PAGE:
What is female infertility?
Female infertility is a condition that prevents women from becoming pregnant, which is diagnosed when a woman is unable to get pregnant after 1-2 years of fertile sexual intercourse, even though it might still be possible for her to conceive. The loss of reproductive capacity is linked to age; in fact, the chances of conceiving decrease in time after age 30. Together with age, there are different causes that may determine infertility like lifestyle, search for the first child at a late age, drug use, alcohol abuse, smoking, working conditions, pollution and also genetic causes.
What are the possible genetic causes of female infertility?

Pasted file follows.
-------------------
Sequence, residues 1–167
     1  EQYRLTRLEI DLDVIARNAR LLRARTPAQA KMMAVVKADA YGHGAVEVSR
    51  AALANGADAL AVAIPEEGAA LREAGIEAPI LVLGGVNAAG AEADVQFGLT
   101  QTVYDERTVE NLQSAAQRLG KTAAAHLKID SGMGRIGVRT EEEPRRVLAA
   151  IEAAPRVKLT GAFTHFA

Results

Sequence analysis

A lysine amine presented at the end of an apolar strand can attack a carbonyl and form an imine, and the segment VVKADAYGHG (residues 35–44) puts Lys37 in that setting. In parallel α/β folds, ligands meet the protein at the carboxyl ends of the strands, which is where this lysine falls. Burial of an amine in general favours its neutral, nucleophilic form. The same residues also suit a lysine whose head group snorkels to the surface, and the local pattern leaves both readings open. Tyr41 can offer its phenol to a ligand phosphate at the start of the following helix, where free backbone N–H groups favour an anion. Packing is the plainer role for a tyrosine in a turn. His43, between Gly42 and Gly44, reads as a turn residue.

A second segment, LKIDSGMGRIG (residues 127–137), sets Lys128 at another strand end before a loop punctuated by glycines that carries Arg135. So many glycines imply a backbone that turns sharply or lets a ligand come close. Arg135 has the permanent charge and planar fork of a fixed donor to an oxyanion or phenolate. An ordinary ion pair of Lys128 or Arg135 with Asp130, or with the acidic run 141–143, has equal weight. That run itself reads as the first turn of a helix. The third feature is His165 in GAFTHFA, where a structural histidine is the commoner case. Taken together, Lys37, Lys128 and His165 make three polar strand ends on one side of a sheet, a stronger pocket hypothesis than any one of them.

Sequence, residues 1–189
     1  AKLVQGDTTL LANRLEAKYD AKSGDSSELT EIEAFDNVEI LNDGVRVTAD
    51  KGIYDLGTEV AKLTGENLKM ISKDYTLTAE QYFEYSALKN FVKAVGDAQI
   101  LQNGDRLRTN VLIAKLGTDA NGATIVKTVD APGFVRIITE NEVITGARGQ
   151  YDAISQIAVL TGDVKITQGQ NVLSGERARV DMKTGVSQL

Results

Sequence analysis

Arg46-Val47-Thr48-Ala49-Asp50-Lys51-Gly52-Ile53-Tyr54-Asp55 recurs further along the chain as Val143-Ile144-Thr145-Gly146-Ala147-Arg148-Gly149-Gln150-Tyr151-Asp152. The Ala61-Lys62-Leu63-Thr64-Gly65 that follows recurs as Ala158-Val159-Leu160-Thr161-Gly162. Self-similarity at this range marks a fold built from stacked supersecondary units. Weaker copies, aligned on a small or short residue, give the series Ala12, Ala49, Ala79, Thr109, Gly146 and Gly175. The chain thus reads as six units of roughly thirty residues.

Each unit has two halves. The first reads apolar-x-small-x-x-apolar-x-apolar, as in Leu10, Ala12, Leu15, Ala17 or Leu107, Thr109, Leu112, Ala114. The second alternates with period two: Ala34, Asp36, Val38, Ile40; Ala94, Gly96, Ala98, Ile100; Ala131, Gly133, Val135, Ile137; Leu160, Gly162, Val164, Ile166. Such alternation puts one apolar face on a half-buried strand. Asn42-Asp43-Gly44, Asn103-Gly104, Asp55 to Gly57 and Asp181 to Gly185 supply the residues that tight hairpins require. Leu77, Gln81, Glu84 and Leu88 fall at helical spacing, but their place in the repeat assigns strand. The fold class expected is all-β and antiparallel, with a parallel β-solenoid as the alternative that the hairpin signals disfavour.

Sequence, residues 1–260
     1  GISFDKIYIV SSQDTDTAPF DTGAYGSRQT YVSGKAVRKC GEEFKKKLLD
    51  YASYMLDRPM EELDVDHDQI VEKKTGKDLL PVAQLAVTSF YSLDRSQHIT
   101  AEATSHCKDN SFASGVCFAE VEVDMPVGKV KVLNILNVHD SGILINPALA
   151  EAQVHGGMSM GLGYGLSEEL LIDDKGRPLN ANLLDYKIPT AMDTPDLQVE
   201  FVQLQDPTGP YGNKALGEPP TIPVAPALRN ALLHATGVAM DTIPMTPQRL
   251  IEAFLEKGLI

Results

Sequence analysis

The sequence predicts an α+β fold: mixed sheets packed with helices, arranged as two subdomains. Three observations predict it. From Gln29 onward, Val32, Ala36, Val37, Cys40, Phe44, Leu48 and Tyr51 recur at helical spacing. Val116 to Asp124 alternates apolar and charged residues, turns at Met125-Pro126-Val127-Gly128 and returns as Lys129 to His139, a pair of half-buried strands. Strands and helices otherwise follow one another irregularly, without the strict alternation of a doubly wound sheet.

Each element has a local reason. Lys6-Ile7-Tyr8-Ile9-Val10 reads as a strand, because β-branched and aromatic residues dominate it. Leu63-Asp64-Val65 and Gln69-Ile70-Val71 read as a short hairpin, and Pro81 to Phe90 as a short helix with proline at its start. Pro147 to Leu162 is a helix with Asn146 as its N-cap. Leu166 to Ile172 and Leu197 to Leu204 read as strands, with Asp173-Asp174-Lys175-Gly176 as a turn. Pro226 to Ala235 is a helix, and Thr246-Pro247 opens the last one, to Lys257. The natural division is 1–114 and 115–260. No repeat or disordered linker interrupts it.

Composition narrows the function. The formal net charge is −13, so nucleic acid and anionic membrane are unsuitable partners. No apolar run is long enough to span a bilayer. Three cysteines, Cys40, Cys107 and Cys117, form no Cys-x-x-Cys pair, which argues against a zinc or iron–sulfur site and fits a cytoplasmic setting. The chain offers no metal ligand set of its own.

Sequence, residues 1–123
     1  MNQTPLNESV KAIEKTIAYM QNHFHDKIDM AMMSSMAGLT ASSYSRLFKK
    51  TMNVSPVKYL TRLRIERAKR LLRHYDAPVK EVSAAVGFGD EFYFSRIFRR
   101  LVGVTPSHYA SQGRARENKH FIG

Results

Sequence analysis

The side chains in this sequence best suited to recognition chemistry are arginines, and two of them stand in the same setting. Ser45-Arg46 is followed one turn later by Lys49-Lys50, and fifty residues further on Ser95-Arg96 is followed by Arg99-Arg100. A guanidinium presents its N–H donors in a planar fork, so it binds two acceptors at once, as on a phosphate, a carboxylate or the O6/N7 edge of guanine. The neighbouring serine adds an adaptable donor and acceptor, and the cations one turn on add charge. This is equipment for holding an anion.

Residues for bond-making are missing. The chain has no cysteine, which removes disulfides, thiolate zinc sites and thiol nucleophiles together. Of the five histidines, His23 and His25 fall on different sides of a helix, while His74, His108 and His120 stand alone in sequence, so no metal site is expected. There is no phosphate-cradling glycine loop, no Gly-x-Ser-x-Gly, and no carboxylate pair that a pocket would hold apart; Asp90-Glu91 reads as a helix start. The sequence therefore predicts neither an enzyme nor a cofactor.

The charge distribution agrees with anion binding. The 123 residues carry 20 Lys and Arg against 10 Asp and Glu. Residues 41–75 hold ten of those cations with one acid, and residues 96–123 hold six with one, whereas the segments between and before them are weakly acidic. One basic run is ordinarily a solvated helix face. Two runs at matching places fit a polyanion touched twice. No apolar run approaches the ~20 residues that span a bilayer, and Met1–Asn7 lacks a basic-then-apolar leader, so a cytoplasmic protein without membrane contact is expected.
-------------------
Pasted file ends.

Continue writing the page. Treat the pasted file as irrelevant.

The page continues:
Genetic causes of female infertility are related to damages of the chromosomal structure, which is a DNA strand that contains genes. Examples of chromosomal damages are the so-called “Robertsonian translocations”, in which chromosomes come together and both lose a part. This happens because two chromosomes stay together in a person and the gametes of these individuals will then be carriers of an additional copy of a certain chromosome (trisomy) or of one copy less (monosomy). These translocations lead to an increase in the risk of spontaneous abortion and therefore to a reduction of fertility. Histocompatibility antigens are another genetic cause of infertility. These antigens are molecules present on the membrane of cells and are different between people. When the immune system detects a molecule that is different from its own, it eliminates the relative cell. This is the reason why histocompatibility antigens play a crucial role in increasing maternal tolerance towards the embryo and therefore the chances of pregnancy. Genetic intolerances can also lead to infertility or to multiple abortions because the intake of food that is not tolerated causes chronic inflammation and an exaggerated immune response that can be damaging for the maturation of eggs. Last but not least, smoking can lead to mutations of oncogenes, which can induce the transformation of a healthy cell into a tumour cell both in the mother and in the embryo.